The mechanisms linking maternal stress in pregnancy with infant neurodevelopment in a sexually dimorphic manner are poorly understood. We tested the hypothesis that maternal hypothalamic-pituitary-adrenal axis activity, measured by hair cortisol concentration (HCC), is associated with microstructure, structural connectivity, and volume of the infant amygdala. In 78 mother-infant dyads, maternal hair was sampled postnatally, and infants underwent magnetic resonance imaging at term-equivalent age. We found a relationship between maternal HCC and amygdala development that differed according to infant sex. Higher HCC was associated with higher left amygdala fractional anisotropy (β = 0.677, p=0.010), lower left amygdala orientation dispersion index (β = -0.597, p=0.034), and higher fractional anisotropy in connections between the right amygdala and putamen (β = 0.475, p=0.007) in girls compared to boys. Furthermore, altered amygdala microstructure was only observed in boys, with connectivity changes restricted to girls. Maternal cortisol during pregnancy is related to newborn amygdala architecture and connectivity in a sexually dimorphic manner. Given the fundamental role of the amygdala in the emergence of emotion regulation, these findings offer new insights into mechanisms linking maternal health with neuropsychiatric outcomes of children.
Keywords: amygdala; brain; cortisol; human; mri; neonate; neuroscience; prenatal stress.
Stress during pregnancy, for example because of mental or physical disorders, can have long-term effects on child development. Epidemiological studies have shown that individuals exposed to stress in the womb are at higher risk of developmental and mood conditions, such as ADHD and depression. This effect is different between the sexes, and the biological mechanisms that underpin these observations are poorly understood. One possibility is that a baby’s developing amygdala, the part of the brain that processes emotions, is affected by a signal known as cortisol. This hormone is best known for its role in coordinating the stress response, but it also directs the growth of a fetus. Tracking fetal amygdala changes as well as cortisol levels in the pregnant individual could explain how stress during pregnancy affects development. To investigate, Stoye et al. recruited nearly 80 volunteers and their newborn children. MRI scans were used to examine the structure of the amygdala, and how it is connected to other parts of the brain. In parallel, the amount of cortisol was measured in hair samples collected from the volunteers around the time of birth, which reflects stress levels during the final three months of pregnancy. Linking the brain imaging results to the volunteers’ cortisol levels showed that being exposed to higher cortisol levels in the womb affected babies in different ways based on their sex: boys showed alterations in the fine structure of their amygdala, while girls displayed changes in the way that brain region connected to other neural networks. The work by Stoye et al. potentially reveals a biological mechanism by which early exposure to stress could affect brain development differently between the sexes, potentially informing real-world interventions.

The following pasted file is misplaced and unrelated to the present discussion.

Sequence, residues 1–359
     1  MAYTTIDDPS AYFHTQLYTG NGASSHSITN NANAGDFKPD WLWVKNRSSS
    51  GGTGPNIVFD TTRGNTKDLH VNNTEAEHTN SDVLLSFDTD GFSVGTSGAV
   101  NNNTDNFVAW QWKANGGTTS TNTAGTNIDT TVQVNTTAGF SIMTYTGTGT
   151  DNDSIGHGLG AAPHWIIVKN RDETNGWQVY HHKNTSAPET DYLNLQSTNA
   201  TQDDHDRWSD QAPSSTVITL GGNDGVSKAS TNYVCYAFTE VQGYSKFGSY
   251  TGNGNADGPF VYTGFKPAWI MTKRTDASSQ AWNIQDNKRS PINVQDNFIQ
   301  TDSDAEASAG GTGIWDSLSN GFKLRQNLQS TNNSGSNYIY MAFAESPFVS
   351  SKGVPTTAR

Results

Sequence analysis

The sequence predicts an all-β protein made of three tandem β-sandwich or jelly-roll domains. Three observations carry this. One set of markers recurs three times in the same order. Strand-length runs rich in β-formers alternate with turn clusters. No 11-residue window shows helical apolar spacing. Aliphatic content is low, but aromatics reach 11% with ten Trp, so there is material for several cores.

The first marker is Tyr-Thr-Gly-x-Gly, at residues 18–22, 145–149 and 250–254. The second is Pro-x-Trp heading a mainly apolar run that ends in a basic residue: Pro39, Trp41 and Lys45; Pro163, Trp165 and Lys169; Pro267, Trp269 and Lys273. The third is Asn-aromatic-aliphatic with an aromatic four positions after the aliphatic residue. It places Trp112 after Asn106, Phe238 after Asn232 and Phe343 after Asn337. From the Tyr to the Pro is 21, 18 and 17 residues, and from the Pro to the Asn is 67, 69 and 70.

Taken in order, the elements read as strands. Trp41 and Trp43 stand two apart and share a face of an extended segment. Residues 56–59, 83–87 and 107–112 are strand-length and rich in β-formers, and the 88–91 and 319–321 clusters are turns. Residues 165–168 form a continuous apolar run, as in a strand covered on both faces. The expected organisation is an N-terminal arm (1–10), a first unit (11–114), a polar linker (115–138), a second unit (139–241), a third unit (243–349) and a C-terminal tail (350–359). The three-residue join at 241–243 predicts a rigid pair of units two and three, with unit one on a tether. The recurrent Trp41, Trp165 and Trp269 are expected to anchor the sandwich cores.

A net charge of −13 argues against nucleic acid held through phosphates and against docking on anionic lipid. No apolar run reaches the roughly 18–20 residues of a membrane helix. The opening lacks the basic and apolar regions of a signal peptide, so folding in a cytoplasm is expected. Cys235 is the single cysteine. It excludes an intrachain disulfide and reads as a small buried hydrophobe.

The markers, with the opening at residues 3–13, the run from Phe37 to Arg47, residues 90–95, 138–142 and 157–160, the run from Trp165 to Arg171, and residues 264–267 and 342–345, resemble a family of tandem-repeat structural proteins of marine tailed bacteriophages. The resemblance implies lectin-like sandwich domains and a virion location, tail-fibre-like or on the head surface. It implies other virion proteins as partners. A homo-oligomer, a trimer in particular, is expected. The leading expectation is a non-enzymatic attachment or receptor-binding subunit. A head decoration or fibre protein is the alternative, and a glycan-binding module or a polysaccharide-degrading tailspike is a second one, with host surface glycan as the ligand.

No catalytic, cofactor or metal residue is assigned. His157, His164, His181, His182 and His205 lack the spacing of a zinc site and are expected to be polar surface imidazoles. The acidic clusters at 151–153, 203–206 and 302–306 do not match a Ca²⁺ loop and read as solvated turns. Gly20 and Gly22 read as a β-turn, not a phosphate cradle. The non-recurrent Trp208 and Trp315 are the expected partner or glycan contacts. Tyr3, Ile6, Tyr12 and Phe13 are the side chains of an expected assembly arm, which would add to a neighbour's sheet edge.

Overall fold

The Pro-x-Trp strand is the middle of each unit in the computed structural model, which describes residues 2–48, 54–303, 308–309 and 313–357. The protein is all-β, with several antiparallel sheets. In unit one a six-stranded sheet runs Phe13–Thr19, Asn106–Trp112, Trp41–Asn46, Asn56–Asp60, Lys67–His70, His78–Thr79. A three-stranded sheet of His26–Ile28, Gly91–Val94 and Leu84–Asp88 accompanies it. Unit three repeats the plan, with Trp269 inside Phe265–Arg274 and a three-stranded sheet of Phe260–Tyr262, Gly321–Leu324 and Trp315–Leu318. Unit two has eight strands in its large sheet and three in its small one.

© 2020, Stoye et al.